The Gemological Institute of America (GIA) is the foremost authority on diamonds, colored gemstones, and pearls. The GIA is a world-class gemological institute with educational campuses and laboratories spanning many continents worldwide and is a leader in knowledge, research, standards, identification, and disclosure protecting consumers, businesses, and the integrity of our gem and jewelry industry.
Some of GIA’s major milestones include:
1931 Robert M. Shipley creates and opens the very first U.S. based gemology correspondence course
1934 GIA patents the tried and true “jewelers loupe”
1937 GIA patents the first gemological microscope
1940 Richard T. Liddicoat joins and contributes to GIA and becomes known as the “father of modern gemology.”
1948 The first Graduate in Gemology Diploma is awarded
1953 Liddicoat and Shipley’s combined efforts makes the modern day 4Cs of Diamond grading and identification a universal standard in the gem and jewelry industry. Also the same year the very first diamond grading report is issued
1982 is GIA’s 50th anniversary and to celebrate, they hold the very first International Gemological Symposium
1988 GIA grades the famous 45.52 carat Hope Diamond, now on display at the Smithsonian
1997 GIA opens world class global headquarters called the Robert Mouawad Campus in Carlsbad, California.
GIA currently has 10 international campuses and laboratories worldwide.
How many Symposiums have there been?
According to GIA:
“2018 will be the sixth. Prior Symposia were held in 1982, 1991, 1999, 2006 and 2011.”
Date and location:
Sunday, October 7th through Tuesday, October 9th 2018 in Carlsbad, California
According to GIA:
“Symposium has revealed the discoveries, opportunities and insights that move businesses forward. Offering expert presentations, panel sessions and networking opportunities, Symposium unites scientists and business leaders to meet the challenges facing the gem and jewelry industry.”
"New Challenges. Creating Opportunities." is the theme of the 2018 GIA Symposium. Two parallel tracks are offered. GIA Research Track will feature oral presentations, panels and poster sessions of innovative research projects. The Harvard Business Track is where Harvard Business School (HBS) professors lead an exploration into the themesAuthentic Leadership, Disruptive Innovation andCustomer Centricityusing the famed case-study method employed in all HBS programs”
Why Soha Diamond Co. is attending and representing the laboratory-grown diamond industry?
The laboratory-grown diamond industry is approximately 1% of the mined diamond industry in terms of size and revenue. Though the future is bright for lab-grown diamonds and gemstones as demand and interest grow, there’s still much work to accomplish to facilitate its place in the market.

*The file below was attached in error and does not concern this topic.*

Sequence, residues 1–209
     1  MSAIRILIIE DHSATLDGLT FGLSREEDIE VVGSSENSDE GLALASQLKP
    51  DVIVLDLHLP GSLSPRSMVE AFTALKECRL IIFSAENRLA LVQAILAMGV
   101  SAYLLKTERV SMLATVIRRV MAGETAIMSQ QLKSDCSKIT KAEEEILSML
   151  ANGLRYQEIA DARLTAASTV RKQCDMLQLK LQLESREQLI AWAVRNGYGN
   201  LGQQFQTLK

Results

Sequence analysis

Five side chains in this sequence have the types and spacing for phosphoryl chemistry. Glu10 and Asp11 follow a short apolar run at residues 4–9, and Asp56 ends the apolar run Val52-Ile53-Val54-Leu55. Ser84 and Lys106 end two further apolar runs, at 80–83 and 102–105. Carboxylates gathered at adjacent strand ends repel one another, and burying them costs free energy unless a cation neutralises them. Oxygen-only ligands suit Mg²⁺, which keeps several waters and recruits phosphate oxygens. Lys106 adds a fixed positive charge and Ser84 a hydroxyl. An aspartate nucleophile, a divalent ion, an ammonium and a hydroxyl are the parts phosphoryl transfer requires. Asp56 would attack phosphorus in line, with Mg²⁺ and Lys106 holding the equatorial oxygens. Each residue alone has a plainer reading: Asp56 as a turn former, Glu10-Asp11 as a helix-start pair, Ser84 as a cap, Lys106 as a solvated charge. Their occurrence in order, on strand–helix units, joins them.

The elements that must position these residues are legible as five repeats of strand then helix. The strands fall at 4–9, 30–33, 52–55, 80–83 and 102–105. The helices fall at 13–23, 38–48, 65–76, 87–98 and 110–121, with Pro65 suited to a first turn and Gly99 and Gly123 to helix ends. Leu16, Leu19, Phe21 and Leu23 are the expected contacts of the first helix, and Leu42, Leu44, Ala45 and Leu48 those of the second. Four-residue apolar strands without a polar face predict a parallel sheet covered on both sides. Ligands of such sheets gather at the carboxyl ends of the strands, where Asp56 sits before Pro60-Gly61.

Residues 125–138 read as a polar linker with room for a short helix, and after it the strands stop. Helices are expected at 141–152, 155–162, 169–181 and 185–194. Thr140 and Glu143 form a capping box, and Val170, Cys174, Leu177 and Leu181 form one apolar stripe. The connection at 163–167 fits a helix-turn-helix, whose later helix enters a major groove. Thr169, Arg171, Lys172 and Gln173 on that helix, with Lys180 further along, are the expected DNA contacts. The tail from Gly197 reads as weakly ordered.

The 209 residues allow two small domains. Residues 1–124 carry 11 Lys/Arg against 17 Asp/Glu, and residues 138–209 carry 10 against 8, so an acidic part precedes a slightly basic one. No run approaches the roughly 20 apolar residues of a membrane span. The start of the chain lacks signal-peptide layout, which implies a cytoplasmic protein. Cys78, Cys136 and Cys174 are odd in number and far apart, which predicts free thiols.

Many of the developments in research of the mined diamond industry have direct impact and strong correlation to the lab-grown diamond industry.
Because of its laboratory origin, many growers and retailers feel out of place and unwelcome in gemological circles. Even though you could argue that the re-creation of diamond above ground is among the most significant gemological breakthroughs of our lives, lab-grown diamond growers and retailers are historically and currently underrepresented or absent altogether at such symposiums.
As the co-founder of Soha Diamond Co., I willingly bear the responsibility of representing the outcast of all diamonds, the lab-grown diamonds, within the gem and jewelry industry.
With proper disclosure, representation, and education, lab-grown diamonds and colored gemstones have a place in our industry and in the place of our client’s vast collection of fine jewelry.
Our strategic decision to specialize in exclusively offering laboratory grown diamonds and gemstones has been well received in the marketplace, but has many challenges. As gemology is a sub-science of geology and mineralogy, lab-grown diamonds are an important and misunderstood sub-sector of the mined diamond industry. Without the mined diamond industry, there would be no such thing as a laboratory-grown diamond. Which is why we refer to lab-grown diamonds as “a different way to diamond.”
One could argue that fine jewelry featuring diamonds and colored gemstones can cost as much as a home or vehicle, but don’t have nearly the same level of consumer protections or required credentials in place in order to inspire confidence and education to shoppers. There are virtually no minimum requirements for a jewelry retailer to be educated, credentialed, or experienced in our industry. Trust, longevity, and goodwill are vital to our industry, which is why many generations of clients shop at their “local jeweler.” This is one of many reasons why the gem and jewelry trade is dominated by brick-and-mortar family jewelers. Like other major financial decisions in life, it’s vital to trust your educated, credentialed, and experienced jewelry retailer.
For additional information on the GIA’s history, clickhere.
For additional information on the 2018 GIA Symposium, clickhere
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